For just the second time in 141 years, Mercy Hospital’s medical staff gathered in Durango to honor longtime contributors to the region’s health care landscape.
Dr. Jim Birgenheier, the president of the hospital’s medical staff, presented 10 doctors with lifetime achievement awards at an event at the Powerhouse Science Center on Oct. 8.
For a hospital that has existed for nearly a century and a half, Birgenheier says Mercy has “not a lot of institutional knowledge or even wisdom that runs as a common thread.”
And with burnout becoming an increasingly large threat to staff retention in health care settings nationwide, he hopes the awards will have a positive impact by recognizing providers for their work.
In his role as president of the medical staff, Birgenheier oversees a free-standing, independent governing body representing providers at Mercy, regardless of whether or not they work for the hospital. He also serves on the hospital’s board.
In 2022, the group presented 12 physicians with the award.
- Dr. Bruce Andrea
- Dr. Catherine Willner (posthumously)
- Dr. Cecile Fraley
- Dr. Dave Deaver
- Dr. Richard Grossman
- Dr. Jesse Hutt
- Dr. Pat Kearney
- Dr. Steve Lavengood
- Dr. Pat Messerli
- Dr. Larry Suazo
Birgenheier said there is no one set of criteria that qualified a doctor for the recognition.
A long career of excellent patient care in the community was one basic qualifier, he said, although the providers’ work to improve the quality of care through other avenues, such as serving on committees, were also factored in.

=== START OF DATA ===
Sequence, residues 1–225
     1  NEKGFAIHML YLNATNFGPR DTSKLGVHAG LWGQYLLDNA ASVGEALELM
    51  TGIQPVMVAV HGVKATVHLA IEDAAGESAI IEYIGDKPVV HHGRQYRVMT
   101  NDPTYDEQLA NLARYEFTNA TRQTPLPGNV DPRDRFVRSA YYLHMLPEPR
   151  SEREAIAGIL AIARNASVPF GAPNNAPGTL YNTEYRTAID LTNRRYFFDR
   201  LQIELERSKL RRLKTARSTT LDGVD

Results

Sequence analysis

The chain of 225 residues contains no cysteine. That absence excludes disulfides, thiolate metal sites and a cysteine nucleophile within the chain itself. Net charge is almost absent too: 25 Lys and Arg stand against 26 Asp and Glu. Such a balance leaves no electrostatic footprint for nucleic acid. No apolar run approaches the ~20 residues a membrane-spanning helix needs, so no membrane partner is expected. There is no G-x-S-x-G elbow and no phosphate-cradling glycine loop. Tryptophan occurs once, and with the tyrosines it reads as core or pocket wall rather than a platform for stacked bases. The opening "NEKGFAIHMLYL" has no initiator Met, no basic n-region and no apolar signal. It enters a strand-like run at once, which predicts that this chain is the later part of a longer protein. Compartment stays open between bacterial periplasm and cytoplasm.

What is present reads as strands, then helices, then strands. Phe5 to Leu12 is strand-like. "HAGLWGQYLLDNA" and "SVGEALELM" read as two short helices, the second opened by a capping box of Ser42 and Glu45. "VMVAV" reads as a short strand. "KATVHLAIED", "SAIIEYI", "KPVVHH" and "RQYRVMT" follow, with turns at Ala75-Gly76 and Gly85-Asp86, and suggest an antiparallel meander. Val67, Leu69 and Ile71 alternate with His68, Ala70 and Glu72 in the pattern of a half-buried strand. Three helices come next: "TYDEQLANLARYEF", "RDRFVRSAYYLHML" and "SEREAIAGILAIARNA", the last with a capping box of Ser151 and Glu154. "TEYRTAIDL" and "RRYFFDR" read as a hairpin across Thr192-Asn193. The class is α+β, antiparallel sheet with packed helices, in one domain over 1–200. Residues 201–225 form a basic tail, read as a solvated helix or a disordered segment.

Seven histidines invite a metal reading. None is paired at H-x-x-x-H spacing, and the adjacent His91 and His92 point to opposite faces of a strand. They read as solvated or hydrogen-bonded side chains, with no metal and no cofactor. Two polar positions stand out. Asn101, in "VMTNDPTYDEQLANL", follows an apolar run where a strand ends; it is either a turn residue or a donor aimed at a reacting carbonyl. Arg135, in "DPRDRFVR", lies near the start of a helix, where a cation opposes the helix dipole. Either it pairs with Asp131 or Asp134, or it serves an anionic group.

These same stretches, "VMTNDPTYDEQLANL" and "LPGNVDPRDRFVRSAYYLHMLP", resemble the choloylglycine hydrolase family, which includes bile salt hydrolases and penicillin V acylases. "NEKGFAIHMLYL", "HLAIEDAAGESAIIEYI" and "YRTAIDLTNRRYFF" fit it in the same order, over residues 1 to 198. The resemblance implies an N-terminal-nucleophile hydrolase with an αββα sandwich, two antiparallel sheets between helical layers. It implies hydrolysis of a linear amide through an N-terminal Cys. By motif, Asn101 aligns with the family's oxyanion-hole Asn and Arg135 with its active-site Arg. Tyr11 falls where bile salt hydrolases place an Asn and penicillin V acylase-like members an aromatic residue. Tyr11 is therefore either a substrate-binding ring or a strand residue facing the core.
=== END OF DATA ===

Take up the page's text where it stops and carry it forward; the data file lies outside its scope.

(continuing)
“I certainly want to appreciate the folks that, really, their careers (are) not just substantive, but inspirational,” Birgenheier said.
Many of the recipients have worked in the community for upward of three decades.
“I'm at an age where I go in to see patients and many of the parents were former patients of mine,” said 2023 recipient Dr. Cecile Fraley, CEO of Pediatric Partners of the Southwest. “That life cycle in a community is very meaningful to me.”
The event was largely a celebration of physicians who have worked together for many decades, awardees said. Fraley knew another recipient, Dr. Jesse Hutt, from their time together working in Salt Lake City, and called those connections “very meaningful.”
“Our strong cohesive medical community is represented by many of the other recipients of the award,” Hutt said in an email to The Durango Herald. “I would not hesitate to reach out to any of them for a consultation about a particularly difficult case or a personal health issue.”
Dr. Steve Lavengood, a Durango family physician of 34 years who retired on Oct. 27, called the award an “extraordinary honor.”
He is one of the recipients who sees the recognition, although relatively small, as important in bolstering the sense of community among health care professionals in Durango.
“Having the longevity of these providers, myself included, provides some not only institutional knowledge, but institutional wisdom for corporations, such as Centura, that bring in new administrators on a fairly frequent basis,” he said.
The awardees will have their names inscribed on the pedestal of a statue of Aesculapius, the Greek god of medicine, which will be on display in the hospital lobby.
In an email to the awardees, Birgenheier said the recognition not only applauds the hard work of deserving members, but inspires newer physicians who observe a culture of respect and kindness.
“There have been incredible physicians here who have really given their whole professional lives to serving the people in Durango and in the area,” awardee Dr. Pat Kearney said. “And, unfortunately, there's a lot more turnover for physicians than there used to be. To me, it's been an incredible gift to be able to be here for almost my entire career. I say I literally have grown up with my patients. So, it's neat to have that kind of contribution acknowledged by your colleagues.”